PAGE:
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Project Scheduling Presentation Association for the Advancement of Cost Engineering International (AACEi) North Florida Section North Florida Section March.

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Presentation on theme: "Project Scheduling Presentation Association for the Advancement of Cost Engineering International (AACEi) North Florida Section North Florida Section March."— Presentation transcript:

1 Project Scheduling Presentation Association for the Advancement of Cost Engineering International (AACEi) North Florida Section North Florida Section March 19th, 2009 Section Meeting By John P. Orr, PSP Scheduling and Cost Engineering on Overseas Projects: Earned Value and Performance Intensity Progress Measurement Earned Value and Performance Intensity Progress Measurement March 19, 2009

2 2 Scheduling & Cost Engineering on Overseas Projects I.Earned Value and Performance Intensity Progress Measurement II.Tools for Monitoring and Controlling Project Objectives: (Cost / Quality / Time) III.Claims Avoidance & Resolution Present / Refute Claims: Sword / Shield

3 3 Importance of Scheduling Convert the Work Plan into a Map –“The scheduling process forces people to quantify their effort in discrete terms and to place activities in proper relationship to each other.” Establish a Baseline Against Which Progress is Measured Monitor and Control Projects Goal: To Provide Accurate Information to Decision-Makers

4 4 Who Sets Scheduling Standards? PMBOK – Project Management Institute Body of Knowledge PMI – College of Scheduling –Scheduling Excellence Initiative (SEI) Best Practices and Guidelines (being developed) AACE International – Recommended Practices CMAA – Scheduling Committee Guidelines AGC – The Associated General Contractors US Army Corps of Engineers –Impact Evaluation Guide (Productivity)

5 5 Who Sets the Standards? No Single Body is Authoritative Training: –Collegiate –Corporate –Software Providers –Books No Consistency in the Universities as to how CPM Scheduling is Taught Schedulers Use a Variety of Techniques No Single Standard for Certification of Schedulers

6 6 US Dept of State – Overseas Building Operations Provide Facilities for Diplomatic and Consular missions overseas As of January 2009, OBO has opened 65 new facilities with an additional 31 under design or construction Point position overseas in the field: The OBO Project Director (PD)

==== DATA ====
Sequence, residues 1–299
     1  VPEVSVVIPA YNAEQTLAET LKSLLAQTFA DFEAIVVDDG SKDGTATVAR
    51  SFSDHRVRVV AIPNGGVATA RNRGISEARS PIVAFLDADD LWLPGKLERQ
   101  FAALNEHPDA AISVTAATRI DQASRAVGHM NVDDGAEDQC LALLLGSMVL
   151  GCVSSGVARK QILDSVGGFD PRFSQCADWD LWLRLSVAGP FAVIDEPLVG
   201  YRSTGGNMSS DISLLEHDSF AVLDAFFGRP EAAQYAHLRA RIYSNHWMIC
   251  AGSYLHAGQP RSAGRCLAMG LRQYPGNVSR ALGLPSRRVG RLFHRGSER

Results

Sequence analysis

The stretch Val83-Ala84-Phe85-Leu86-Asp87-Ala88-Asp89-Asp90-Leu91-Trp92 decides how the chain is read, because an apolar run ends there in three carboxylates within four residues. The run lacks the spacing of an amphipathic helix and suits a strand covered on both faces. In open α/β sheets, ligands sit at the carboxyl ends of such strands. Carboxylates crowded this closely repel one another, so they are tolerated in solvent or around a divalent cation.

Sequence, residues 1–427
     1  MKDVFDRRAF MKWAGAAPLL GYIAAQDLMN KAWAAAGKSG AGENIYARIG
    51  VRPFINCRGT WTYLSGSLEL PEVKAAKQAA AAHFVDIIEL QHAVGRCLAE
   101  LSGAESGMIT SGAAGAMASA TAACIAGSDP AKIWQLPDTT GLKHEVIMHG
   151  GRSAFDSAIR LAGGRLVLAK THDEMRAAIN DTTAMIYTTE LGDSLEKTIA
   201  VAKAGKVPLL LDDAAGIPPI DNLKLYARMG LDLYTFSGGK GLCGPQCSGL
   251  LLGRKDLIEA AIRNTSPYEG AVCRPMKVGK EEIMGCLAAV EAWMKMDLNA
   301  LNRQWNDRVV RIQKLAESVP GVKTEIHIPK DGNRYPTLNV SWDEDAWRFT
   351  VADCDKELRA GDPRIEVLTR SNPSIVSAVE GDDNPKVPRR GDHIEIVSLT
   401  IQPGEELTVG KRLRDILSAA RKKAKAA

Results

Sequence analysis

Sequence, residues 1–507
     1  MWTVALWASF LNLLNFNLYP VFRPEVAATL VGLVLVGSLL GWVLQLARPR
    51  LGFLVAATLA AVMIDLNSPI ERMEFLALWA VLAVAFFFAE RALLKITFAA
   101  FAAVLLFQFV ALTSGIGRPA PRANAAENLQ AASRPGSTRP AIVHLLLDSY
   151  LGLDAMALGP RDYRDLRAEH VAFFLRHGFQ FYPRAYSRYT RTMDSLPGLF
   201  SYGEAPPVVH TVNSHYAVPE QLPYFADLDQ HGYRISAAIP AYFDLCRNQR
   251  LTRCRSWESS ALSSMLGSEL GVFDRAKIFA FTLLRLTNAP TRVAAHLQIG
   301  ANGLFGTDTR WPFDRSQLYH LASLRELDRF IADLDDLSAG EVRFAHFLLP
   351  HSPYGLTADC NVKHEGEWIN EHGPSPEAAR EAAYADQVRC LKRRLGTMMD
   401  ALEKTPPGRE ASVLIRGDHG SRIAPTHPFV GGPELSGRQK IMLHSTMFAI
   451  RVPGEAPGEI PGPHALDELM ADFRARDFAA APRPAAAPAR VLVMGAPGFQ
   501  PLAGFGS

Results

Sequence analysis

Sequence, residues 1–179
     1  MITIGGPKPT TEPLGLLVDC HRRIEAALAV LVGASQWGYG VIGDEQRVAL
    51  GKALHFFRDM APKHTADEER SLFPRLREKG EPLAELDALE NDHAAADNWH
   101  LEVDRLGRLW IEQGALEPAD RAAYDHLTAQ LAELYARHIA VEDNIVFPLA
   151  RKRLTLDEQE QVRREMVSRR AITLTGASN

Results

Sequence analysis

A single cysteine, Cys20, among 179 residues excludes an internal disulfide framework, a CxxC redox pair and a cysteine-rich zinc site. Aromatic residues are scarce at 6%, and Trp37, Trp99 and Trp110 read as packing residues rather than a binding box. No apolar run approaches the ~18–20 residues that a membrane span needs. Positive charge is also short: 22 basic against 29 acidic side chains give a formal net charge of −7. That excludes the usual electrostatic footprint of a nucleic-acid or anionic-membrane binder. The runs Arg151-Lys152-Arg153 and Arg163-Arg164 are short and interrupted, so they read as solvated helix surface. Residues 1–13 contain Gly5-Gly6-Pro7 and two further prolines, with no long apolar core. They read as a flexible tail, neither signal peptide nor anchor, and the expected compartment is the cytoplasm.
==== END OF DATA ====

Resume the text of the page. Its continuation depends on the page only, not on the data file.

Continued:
7 7 OBO Project Director Responsibilities Project Controls –Project Objectives (Cost/Quality/Time) –Primary Contact with Contractor & Subs –Interface with Embassy (Post) stakeholders –Interface with Stateside stakeholders Project Status & Completion Projections

8 8 OBO Project Scheduling Requirements Project Execution Schedule (PES) Contractor-prepared & updated –Initial PES, Baseline PES & Updates –Cost-loaded –Tied to Monthly Payment Requisition

9 9 What does a PD Face? His Approval Binds the USG to the Schedule Implied Duties: –Cooperate –Coordinate –Not Delay, Hinder or Interfere Submittal Reviews (duration, stacking) Manpower – Post Access / Clearances Government-Furnished Material Deliveries

10 10 What Else Does a PD Face? Other Legal Issues –Ownership of Float –Right to Finish Early –Acceleration (Directed / Constructive) –Front-end Loading –Improper Use of Lag Factors –No Damage for Delay Clauses –Concurrent, Excusable, Compensable Delay –Schedule Pacing –Schedule Impossibility

11 11 What Else Does a PD Face? Loss of Productivity –Disruptions –Delays –Overtime –Change Orders –Acceleration Changed Working Conditions –Loss of Productivity & Increased Labor Costs

12 12 What does a PD Use? Primavera Project Planner (P3 ver 3.1) –Very Flexible Tool –Allows for Creative Scheduling –Allows Hidden Lag Factors and Multiple Logic Options ADM: You saw the logic PDM: Less Activities, More Options for Logic –Possibility of “Schedule Embezzlement” Remember: It Only Looks Like a Gantt Chart!